NBA
No surprise ending in Lebanon
SPORTING CHANCE - Joaquin M. Henson (The Philippine Star) - August 21, 2017 - 4:00pm

Gilas wound up seventh in the 16-team FIBA Asia Cup in Lebanon and it was no surprise, considering the limited training that coach Chot Reyes had to cope with. Reyes never had the luxury of a complete lineup to work with in the gym and the national squad played only one practice game against the Gilas pool for the SEA Games. So how could anyone expect a higher finish? Placing seventh, in fact, was a respectable finish considering the Philippines ended up ninth in 2007 and eighth in 2009.

The consolation is the FIBA Asia Cup wasn’t a qualifier for either the FIBA World Cup or the Olympics. It was a stand-alone tournament where world standings and bragging rights were on the line. World standings are critical in positioning teams for seeding in future draws. The higher seeds are spread out in different brackets so they don’t meet up early in the eliminations.

The Philippines has progressed remarkably since 2010 when Gilas was ranked No. 53 by FIBA. In 2011, it went up to No. 45 then two years later, to No. 34 and in 2014, to No 31. Before the FIBA Asia Cup, the Philippines was No. 27, China No. 14, Iran No. 24, Jordan No. 28, South Korea No. 30 and Lebanon No. 43. The showing in Lebanon, however, will drop the Philippines down. China will also take a slide after finishing fifth behind Australia, Iran, South Korea and New Zealand. South Korea and Lebanon will move up. Lebanon lost to China, 79-78, in the playoff for fifth but beat the Philippines, 106-87, previously.

In 2009, the Philippines bowed to Jordan, 81-70, in the knockout quarterfinals then lost to Qatar, 83-65 and to South Korea, 82-80, in finishing eighth. That would’ve been the route for Gilas if it lost to Jordan last Sunday. The Philippines clinched seventh spot by beating Jordan, 75-70, with Terrence Romeo and Matthew Wright scoring 13 apiece.

* * * *

In Lebanon, the Philippines got off to a fiery start, beating China, 96-87, Iraq, 84-68 and Qatar, 80-74, in succession to sweep Group B and advance to the knockout quarterfinals automatically. Since Gilas paraded a virtually brand-new lineup with only four remnants from the 2015 squad in Changsha, the Philippines wasn’t well-scouted. So Gilas got by its first three games unscathed despite lack of preparation time. The team relied on Reyes’ basic principles and the players’ skills to jumpstart its campaign.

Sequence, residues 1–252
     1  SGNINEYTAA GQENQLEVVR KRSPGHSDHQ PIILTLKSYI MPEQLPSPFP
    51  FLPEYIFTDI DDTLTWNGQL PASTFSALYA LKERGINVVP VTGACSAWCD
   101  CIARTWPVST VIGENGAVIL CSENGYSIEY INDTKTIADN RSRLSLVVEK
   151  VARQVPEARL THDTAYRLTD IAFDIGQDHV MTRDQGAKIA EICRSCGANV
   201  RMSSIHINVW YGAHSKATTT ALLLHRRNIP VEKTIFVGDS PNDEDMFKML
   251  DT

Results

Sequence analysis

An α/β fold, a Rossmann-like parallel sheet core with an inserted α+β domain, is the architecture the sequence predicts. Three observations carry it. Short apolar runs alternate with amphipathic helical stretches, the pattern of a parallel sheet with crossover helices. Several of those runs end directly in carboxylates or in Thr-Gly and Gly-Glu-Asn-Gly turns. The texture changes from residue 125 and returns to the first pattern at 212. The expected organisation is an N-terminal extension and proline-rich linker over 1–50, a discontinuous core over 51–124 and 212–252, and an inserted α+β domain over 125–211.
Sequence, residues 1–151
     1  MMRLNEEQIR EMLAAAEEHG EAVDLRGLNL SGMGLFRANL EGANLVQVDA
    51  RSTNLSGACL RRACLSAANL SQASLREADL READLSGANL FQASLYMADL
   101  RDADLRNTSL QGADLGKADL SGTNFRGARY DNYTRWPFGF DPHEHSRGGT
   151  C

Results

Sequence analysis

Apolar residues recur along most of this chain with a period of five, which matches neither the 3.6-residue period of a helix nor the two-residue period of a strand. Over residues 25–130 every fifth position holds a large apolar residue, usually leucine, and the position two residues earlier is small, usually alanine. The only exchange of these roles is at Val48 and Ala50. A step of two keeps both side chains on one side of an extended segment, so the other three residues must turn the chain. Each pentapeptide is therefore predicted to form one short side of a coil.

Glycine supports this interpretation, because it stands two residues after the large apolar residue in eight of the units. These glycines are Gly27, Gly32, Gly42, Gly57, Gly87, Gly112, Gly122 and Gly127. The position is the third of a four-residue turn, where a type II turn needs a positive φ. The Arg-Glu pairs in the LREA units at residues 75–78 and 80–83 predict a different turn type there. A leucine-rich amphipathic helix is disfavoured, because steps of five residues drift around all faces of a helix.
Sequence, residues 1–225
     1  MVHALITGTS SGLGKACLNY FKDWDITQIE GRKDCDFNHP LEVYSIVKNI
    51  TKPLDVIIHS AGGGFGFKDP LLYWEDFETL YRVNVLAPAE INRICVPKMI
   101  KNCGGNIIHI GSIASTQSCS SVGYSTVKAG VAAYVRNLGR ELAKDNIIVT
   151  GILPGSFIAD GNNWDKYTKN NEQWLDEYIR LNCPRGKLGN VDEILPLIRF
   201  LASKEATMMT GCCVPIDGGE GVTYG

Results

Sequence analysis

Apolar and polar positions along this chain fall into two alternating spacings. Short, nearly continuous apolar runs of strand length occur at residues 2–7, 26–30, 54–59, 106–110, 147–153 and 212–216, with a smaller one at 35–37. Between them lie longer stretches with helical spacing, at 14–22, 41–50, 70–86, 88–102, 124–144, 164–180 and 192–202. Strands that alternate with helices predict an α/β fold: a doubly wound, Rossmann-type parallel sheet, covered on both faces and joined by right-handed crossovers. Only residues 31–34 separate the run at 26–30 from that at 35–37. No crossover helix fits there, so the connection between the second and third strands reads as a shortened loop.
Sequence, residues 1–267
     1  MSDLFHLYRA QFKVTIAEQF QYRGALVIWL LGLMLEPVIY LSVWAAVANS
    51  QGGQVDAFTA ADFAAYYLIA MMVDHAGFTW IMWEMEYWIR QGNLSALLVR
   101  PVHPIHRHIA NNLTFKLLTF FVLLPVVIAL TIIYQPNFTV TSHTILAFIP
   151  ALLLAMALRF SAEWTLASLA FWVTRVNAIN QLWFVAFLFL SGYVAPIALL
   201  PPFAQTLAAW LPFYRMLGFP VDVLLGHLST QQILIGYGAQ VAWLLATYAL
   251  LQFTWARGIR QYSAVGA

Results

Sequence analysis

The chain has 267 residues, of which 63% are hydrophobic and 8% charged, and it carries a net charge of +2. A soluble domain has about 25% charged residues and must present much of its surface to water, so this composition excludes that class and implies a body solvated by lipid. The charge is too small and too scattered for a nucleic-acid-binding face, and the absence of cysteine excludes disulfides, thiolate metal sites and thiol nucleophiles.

Then, the roof caved in. South Korea obviously knew what to do in the game against Gilas in the quarterfinals. By then, Gilas had been scouted. Romeo erupted for 22 points in the second period then was shut down the rest of the way as the Koreans adjusted their defense to focus on forcing the Man With The Golden Arm to pass instead of shoot. While the Koreans adjusted, Gilas didn’t and that’s because readjustments are worked on at practice – they don’t happen by instinct or accident. Reyes had just enough time to work on the basics given the limited practice hours. 

What killed Gilas in losing a 118-86 decision to South Korea was its lack of team defense. Gilas couldn’t rely on individual defense – they had to work cooperatively because it’s the only way to stop the Koreans who like to use back picks, ball-screens and hand-offs to free up shooters for good looks. South Korea blasted the Philippines behind a scorching 76.2 percent clip from beyond the arc or 16-of-21 triples. That kind of accuracy is only possible when the defense allows it. You give the Koreans the open look, they’ll knock down the three. The Koreans had more assists, 34-14 and fastbreak points, 17-7, two indications that Gilas went to sleep defensively in the game.

Gilas didn’t do badly in offense, shooting 45.3 percent from the field and 44 percent from three-point distance but the battle was clearly won on the defensive end. The Philippines’ defense didn’t show up and the Koreans took advantage.

* * * * 

It was the same story in the game against Lebanon. Fadi El-Khatib, 38, torched Gilas for 36 points and the Philippines had no antidote to stop the ageless wonder who’s called the Tiger. Gilas never led in the blowout. Christian Standhardinger didn’t play as he exited to join the other Gilas team in Kuala Lumpur and his absence left a gaping hole in the middle. Lebanon had more rebounds, 44-29, more fastbreak points, 24-10 and more assists, 27-17 to cream Gilas, 106-87. The other thorn in Gilas’ side was 6-11 Norvel Pelle, a naturalized import who holds passports from Antigua, the US and Lebanon. Pelle dazzled Gilas with 23 points, 13 rebounds and nine blocks.

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